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Cracking Down on Illegal File Sharing

transaction laundering

Cyberlockers are file sharing sites that allow consumers to upload files to share with others.  They continue to increase in popularity, but with them come an added risk for acquiring banks. While many cloud storage services legally store content for users, cyberlockers – also known as file lockers – incentivize users to upload popular files for others to download. Due to the largely unregulated nature of cyberlockers, these files may include illegal content such as child pornography, bestiality, rape violence videos, pirated software, movies, and music due to their popularity and demand. Authorities have begun to crack down on this illegal file sharing, as seen by a recent string of legal actions against file lockers, leading to the closure of file sharing websites and increased regulatory scrutiny for cyberlockers and their acquirers.

Recent Cases against Cyberlockers

Recent actions against cyberlockers include the December 4th shutdown of  This cyberlocker was ordered to pay $80 million in damages to major movie studios for rampant IP rights violations. While Hotfile claimed it was protected under safe harbor provisions of the DMCA, the judge found the website guilty of persistent, massive copyright infringement. Out of the 2.9 billion file downloads during Hotfile’s lifespan, an estimated 10% of those included copyrighted material[1]. This follows a similar shutdown of the website by global law enforcement agencies in early 2012. Similarly, claimed it was protected by DMCA, but was found to have caused the entertainment industry more than $500 million in lost revenue, while profiting $175 million off of illegal material[2]. With the legal and regulatory precedents set by the Hotfile and MegaUpload cases, cyberlockers and their acquiring banks face significantly increased liability and can expect increased regulations and a more watchful eye from government, industry, and the IP rights holders themselves.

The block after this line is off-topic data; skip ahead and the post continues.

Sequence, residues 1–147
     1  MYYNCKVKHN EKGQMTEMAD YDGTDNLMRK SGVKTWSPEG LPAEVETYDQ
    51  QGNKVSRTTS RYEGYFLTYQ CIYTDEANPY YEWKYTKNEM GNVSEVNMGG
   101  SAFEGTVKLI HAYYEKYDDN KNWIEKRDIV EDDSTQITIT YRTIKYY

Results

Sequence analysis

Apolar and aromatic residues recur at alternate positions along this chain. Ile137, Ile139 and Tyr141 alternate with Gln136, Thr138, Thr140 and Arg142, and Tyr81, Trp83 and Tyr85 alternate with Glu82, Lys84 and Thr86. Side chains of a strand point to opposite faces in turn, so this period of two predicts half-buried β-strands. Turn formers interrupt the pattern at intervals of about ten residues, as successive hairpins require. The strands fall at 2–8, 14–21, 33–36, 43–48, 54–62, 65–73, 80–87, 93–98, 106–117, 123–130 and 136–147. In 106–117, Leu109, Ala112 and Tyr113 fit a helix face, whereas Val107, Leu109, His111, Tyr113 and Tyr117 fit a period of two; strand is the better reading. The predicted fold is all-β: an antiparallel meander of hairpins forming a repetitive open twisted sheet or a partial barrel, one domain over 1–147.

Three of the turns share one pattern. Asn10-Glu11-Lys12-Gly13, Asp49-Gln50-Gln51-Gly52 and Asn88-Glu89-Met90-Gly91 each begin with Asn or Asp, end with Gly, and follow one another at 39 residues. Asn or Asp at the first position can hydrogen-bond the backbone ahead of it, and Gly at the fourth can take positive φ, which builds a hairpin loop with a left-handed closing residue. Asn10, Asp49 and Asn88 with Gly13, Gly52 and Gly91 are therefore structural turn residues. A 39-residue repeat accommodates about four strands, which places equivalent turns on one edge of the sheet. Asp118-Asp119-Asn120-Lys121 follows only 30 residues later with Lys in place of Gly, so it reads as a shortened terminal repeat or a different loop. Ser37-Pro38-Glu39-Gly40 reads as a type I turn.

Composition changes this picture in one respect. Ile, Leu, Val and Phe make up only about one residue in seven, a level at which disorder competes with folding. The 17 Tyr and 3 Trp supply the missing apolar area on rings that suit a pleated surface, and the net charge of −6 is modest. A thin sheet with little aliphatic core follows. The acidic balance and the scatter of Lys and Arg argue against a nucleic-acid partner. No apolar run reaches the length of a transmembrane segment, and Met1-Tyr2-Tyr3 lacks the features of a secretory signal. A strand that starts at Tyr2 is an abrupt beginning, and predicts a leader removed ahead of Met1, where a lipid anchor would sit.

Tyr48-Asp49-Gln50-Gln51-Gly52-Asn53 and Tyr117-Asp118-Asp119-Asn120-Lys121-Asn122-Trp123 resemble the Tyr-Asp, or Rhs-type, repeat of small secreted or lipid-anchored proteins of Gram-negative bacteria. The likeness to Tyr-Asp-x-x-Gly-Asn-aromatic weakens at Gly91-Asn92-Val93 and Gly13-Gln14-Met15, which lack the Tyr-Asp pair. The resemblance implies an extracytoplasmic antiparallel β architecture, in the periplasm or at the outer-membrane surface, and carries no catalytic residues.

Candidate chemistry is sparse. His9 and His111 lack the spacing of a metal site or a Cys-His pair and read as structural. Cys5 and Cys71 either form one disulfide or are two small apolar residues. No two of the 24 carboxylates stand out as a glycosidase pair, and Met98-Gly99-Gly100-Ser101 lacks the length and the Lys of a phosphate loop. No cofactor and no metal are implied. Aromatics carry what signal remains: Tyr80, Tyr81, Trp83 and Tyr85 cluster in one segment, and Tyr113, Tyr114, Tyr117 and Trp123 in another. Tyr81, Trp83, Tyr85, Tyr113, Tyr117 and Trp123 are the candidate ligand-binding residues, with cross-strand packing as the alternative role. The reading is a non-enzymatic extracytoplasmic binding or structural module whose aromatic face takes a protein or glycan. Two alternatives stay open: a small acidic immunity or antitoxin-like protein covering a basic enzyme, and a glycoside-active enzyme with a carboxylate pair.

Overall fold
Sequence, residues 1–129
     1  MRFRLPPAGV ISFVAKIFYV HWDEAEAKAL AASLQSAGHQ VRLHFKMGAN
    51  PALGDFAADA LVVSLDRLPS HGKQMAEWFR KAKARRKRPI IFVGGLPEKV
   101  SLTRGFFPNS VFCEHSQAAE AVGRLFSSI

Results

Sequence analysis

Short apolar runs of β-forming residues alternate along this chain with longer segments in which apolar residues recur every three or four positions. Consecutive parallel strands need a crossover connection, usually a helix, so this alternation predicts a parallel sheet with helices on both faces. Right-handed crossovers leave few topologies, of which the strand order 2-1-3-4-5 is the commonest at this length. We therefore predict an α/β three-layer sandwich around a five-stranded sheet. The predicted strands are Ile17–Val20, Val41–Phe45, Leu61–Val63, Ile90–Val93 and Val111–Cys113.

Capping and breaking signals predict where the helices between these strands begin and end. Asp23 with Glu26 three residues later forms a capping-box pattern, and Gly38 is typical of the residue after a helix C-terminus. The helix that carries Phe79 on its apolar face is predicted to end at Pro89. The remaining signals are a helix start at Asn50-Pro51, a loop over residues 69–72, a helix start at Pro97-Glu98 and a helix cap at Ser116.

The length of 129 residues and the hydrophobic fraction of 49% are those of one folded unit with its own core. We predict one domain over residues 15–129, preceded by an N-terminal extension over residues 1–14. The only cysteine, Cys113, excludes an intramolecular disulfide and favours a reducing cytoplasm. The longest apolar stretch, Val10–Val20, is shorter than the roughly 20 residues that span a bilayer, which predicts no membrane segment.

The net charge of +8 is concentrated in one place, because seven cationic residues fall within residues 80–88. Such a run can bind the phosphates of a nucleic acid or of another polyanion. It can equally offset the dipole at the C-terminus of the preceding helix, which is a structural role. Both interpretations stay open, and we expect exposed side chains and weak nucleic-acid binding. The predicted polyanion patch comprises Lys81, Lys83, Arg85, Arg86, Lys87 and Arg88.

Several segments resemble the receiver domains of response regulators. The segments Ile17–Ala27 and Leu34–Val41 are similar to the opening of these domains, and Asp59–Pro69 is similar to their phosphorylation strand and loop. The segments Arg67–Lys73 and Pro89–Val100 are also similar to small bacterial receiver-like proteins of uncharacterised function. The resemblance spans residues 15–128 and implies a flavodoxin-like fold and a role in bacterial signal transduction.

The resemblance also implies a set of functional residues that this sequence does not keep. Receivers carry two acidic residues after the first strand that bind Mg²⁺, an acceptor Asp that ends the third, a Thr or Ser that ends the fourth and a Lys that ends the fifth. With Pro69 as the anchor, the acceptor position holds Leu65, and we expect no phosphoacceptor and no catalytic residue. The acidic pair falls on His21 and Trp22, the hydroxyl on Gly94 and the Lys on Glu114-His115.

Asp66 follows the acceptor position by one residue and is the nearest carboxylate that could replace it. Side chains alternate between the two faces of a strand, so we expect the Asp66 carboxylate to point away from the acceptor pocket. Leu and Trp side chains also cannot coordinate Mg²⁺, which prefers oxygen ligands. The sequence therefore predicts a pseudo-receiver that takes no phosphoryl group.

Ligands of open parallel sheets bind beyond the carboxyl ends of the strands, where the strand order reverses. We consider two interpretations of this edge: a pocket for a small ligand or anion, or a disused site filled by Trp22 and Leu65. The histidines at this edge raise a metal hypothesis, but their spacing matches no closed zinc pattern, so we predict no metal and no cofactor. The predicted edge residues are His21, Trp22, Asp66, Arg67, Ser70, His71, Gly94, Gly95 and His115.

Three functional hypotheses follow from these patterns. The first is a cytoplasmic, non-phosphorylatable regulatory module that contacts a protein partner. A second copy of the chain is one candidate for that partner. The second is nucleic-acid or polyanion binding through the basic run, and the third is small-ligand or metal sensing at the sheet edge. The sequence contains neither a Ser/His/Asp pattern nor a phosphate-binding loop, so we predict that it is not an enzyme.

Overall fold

The Future of Cyberlockers

While file hosting sites, such as claim to have no responsibility for what their users upload and share, the case law now disagrees with that position. In a first ever ruling, the Supreme Court in Germany ruled that the cyberlocker site has an obligation to police the internet and monitor external websites for incoming links linked to infringing files[3]. When combined with the Hotfile and MegaUpload cases, the RapidShare case clearly indicates that the future of the industry will include significant increases in monitoring responsibility for certain high risk cyberlockers.

There is no question that cyberlockers will remain a popular service in the online space, but with authorities and regulatory agencies cracking down on child pornography, piracy and IP violations, G2  expects to see an increase in regulations and legal actions towards these merchants. If you are an acquirer with a cyberlocker in your portfolio, knowing the full extent of the types of files that are stored and what, if any, website monitoring and additional compliance programs it has in place, is essential in evaluating its true risk. Contact G2 today to learn more about cyberlockers, the potential risk they bring to your portfolio, and how G2 can help.


1. “Hotfile settles MPAA copyright case, agrees to $80 million in damages,” ars technical, accessed December 18, 2013,
2. “MegaUpload Shut Down by the Feds, Founder Arrested”, TorrentFreak, accessed December 18, 2013,
3. “Supreme Court Orders RapidShare to Police the Internet”, TorrentFreak, accessed December 18, 2013,


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